Writing in the New York Times on June 30, commentator Nicholas Kristof asked, "So is President Bush a liar?" "Plenty of Americans think so," he wrote, but went on to argue "against the 'liar' label for two reasons. First, it further polarizes the political cesspool, and this polarization is making America increasingly difficult to govern. Second, insults and rage impede understanding." Kristof compared characterizing Bush as a " liar and a schemer" to the conservative demonization of Bill and Hillary Clinton. "[N]othing made conservatives look more petty and simple-minded...," he wrote. "Now Mr. Bush is doing the same to the left." Kristof concluded, "Mr. Bush got us into a mess by overdosing on moral clarity and self-righteousness, and embracing conspiracy theories of like-minded zealots. How sad that many liberals now seem intent on making the same mistakes."
David Corn, whose whose The Lies Of George W. Bush was mentioned in Kristof's commentary, responded in the July 1 Nation. Corn noted that not everyone who has accused Bush of lying has also endorsed conspiracy theories. But he suggested that Kristof's objections were "tactical points ... unrelated to the basic issue: is the charge true?"
Corn went on to argue that Kristof's position amounted to the assertion that "Truth, then, is no defense for the liberals, who should stick to subtle, nuanced, restrained pokes at Bush, even if he did, as Kristof admits, deceive the public."I did not write the book to win over the 37 swing voters in Ohio that will decide the election," Corn continued. "My aim was to produce a straightforward examination of a pattern of deception that Kristof and many other recognize. Why not call a lie a lie?"
"Are they lies -- or are they merely exaggerations, misleading statements, mistakes, rhetorical excesses and so on," linguist George Lakoff asked in an article for AlterNet last fall. "The most startling finding is that, in considering whether a statement is a lie, the least important consideration for most people is whether it is true," observed Lakoff, whose work on the language of political discourse we have cited previously in The Dubya Report "The falsehoods have been revealed," he wrote, "and they, in themselves, do not matter much to most people."
Lakoff has written elsewhere that journalists sometimes write as if objective truth exists, without acknowledging that so-called "facts" cannot be separated from a conceptual "frame" that implies a whole set of assumptions, similar to what others have called a world view. From this perspective, which may be behind Kristof's objections to the L-word (although that may be giving Kristof too much credit):
...[L]ying, in itself, is not and should not be the issue. The real issue is a betrayal of trust. Our democratic institutions require trust. When the president asks Congress to consent to war -- the most difficult moral judgment it can make -- Congress must be able to trust the information provided by the administration. When the President asks our fighting men and women to put their lives on the line for a reason, they must be able to trust that the reason he has given is true. It is a betrayal of trust for the president to ask our soldiers to risk their lives under false pretenses. And when the president asks the American people to put their sons and daughters in harm's way and to spend money that could be used for schools, for health care, for helping desperate people, for rebuilding decaying infrastructure, and for economic stimulation in hard times, it is a betrayal of trust for the president to give false impressions.
"Betrayal of Trust" can function as a unifying theme in a progressive critique of actions and policies of the Bush administration. To ring true with voters, Lakoff has argued elsewhere, progressive political positions must be linked to progressive values.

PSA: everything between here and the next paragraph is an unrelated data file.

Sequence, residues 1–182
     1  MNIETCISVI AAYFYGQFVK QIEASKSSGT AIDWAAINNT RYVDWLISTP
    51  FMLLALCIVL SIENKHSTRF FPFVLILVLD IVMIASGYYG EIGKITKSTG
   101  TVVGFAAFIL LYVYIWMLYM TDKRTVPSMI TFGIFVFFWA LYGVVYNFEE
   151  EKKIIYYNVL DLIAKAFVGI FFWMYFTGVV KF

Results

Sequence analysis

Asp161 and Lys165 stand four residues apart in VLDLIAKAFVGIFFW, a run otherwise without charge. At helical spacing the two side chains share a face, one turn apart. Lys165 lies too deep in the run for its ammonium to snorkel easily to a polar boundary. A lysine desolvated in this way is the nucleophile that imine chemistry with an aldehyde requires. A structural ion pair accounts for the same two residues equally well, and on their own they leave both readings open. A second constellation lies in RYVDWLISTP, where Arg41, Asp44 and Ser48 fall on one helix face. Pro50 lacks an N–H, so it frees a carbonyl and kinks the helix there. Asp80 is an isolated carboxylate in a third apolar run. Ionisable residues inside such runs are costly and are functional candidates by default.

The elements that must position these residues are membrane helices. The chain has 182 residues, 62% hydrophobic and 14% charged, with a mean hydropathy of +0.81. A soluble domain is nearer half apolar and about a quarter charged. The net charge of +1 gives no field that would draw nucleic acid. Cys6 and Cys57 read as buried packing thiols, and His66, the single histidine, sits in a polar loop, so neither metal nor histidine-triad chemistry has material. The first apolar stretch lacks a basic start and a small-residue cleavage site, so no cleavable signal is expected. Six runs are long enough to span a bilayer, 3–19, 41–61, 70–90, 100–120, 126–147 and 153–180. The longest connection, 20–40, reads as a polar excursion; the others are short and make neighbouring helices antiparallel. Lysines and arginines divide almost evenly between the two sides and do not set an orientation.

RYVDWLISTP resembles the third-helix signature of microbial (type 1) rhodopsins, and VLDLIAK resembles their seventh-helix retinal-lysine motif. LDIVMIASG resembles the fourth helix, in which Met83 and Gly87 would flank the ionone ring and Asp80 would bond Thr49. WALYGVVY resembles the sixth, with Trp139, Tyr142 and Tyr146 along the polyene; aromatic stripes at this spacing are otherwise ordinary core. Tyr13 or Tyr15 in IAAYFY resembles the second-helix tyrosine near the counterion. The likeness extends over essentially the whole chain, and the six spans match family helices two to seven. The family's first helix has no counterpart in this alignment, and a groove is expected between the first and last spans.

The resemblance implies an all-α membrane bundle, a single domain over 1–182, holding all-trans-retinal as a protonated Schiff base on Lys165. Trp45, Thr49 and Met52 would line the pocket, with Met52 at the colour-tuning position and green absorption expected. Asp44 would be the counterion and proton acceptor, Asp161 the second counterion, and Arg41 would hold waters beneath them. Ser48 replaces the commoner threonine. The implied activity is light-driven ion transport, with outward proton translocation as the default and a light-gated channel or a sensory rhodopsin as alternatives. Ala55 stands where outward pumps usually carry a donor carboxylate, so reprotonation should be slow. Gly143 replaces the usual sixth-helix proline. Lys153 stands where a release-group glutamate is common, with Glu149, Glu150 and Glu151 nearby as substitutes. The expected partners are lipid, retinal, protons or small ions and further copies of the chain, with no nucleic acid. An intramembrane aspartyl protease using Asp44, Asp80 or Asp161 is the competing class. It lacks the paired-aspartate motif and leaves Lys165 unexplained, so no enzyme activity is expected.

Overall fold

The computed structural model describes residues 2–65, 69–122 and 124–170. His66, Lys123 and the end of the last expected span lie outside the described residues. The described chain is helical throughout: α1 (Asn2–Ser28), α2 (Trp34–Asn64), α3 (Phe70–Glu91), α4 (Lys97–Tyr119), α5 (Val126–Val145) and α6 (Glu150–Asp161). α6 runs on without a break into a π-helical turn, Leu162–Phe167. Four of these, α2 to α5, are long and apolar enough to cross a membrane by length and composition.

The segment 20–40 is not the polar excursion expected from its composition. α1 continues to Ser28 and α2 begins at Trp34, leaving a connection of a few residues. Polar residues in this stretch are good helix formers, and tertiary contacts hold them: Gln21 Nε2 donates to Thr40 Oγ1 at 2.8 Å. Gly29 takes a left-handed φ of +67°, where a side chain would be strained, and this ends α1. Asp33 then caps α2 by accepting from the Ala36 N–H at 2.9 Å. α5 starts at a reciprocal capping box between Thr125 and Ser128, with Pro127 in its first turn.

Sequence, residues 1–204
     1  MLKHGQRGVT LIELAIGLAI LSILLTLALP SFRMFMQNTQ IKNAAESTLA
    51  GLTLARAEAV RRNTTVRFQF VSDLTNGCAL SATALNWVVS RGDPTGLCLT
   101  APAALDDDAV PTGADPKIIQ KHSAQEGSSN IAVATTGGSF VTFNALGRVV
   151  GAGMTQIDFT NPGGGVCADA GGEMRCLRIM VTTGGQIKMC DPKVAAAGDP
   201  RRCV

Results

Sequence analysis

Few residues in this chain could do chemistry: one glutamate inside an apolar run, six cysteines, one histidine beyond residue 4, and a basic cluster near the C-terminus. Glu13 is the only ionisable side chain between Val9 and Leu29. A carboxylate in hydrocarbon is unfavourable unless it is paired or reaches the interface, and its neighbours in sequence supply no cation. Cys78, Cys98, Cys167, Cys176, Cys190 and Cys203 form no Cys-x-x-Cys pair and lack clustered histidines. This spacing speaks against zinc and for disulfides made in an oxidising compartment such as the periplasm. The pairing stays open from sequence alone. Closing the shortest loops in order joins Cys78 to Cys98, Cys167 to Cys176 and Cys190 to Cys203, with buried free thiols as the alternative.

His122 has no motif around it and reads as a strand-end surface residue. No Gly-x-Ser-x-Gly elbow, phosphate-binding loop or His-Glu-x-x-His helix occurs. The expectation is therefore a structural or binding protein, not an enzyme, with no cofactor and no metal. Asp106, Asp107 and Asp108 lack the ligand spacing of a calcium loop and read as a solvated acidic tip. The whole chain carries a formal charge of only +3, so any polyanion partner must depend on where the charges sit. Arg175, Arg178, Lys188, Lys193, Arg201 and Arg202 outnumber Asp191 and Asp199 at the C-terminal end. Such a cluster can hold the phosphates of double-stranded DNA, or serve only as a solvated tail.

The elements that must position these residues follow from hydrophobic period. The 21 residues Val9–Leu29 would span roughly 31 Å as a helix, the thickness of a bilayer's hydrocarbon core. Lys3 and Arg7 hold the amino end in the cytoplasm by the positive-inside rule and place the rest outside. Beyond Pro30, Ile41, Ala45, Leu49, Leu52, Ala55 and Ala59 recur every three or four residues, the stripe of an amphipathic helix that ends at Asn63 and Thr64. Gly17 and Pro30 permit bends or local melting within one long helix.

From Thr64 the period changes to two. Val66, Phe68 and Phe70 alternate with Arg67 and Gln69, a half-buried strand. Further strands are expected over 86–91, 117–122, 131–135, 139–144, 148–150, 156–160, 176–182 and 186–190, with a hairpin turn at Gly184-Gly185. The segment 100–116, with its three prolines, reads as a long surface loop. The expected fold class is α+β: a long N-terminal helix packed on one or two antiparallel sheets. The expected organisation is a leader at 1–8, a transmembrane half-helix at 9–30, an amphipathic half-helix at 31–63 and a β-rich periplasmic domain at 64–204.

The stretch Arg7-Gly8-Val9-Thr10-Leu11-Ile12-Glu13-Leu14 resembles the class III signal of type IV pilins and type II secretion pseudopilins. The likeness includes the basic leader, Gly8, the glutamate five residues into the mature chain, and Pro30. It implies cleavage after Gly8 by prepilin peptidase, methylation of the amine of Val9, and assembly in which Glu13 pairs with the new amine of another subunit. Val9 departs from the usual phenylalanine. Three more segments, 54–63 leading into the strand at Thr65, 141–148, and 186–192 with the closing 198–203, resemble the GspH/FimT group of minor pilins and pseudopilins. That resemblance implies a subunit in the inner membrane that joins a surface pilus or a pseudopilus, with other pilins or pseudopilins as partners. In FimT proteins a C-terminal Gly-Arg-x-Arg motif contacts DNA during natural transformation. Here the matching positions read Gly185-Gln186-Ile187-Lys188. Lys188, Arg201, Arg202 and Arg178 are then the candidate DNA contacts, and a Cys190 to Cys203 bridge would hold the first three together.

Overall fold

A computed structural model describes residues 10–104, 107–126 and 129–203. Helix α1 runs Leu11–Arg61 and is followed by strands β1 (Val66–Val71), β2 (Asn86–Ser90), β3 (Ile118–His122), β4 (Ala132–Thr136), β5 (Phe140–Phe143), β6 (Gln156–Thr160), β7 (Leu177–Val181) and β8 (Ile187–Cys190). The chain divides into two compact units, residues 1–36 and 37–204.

- In contrast to Bush's campaign of fear, progressive candidates must offer an image of hope and happiness. Safety is a part of that. In not prioritizing safety, the Bush administration has betrayed our trust. "They're not really protecting us." The administration has failed to secure chemical plants, and underfunded first responders (police and firemen) and port security.
- In Iraq, they're not protecting us from weapons of mass destruction (WMD), because none have been found. They betrayed our trust by not coming clean about what the real motivations for the war were. Bush's initial dismissal of UN involvement, and his refusal to relinquish any control over the shaping of policies affecting postwar Iraq, have pointed to the real reasons for the war -- not a "not a selfless war of liberation," but a "war for the long-term US control of the Middle East and for the self-interest of American corporations." That view was underscored recently when, despite Bush's recent efforts, NATO leaders declined to deploy any troops to Iraq.
- The administration betrayed our trust by implying that the war in Iraq would punish and contain al Qaeda, the organization believed responsible for the attacks of September 11, 2001. Days after the independent commission investigating the 9/11 attacks reported in late June that there was "no credible evidence that Iraq and al Qaeda cooperated on attacks against the United States," Vice President Cheney referred to the operation of a camp in Kurdish-controlled northern Iraq as if it contradicted the commission findings. A report last year by the British House of Commons Foreign Affairs Committee concluded that the war in Iraq "might have enhanced the appeal of al-Qaeda to Muslims living in the Gulf region and elsewhere."
- Despite administration claims of "dramatic progress in the war on terror", the State Department's own report shows that deaths from terrorism increased over last year, and the number of wounded increased sharply. The US invasion of Iraq has created the nightmare Bush promised to prevent as religious fanatics team up with vestiges of Saddam Hussein's trained military to resist the occupation. Ahmed Hashim, a professor at the United States Naval War College who studies the Sunni insurgency in Iraq, told the New York Times "I think terrorism has come to Iraq as a result of the war."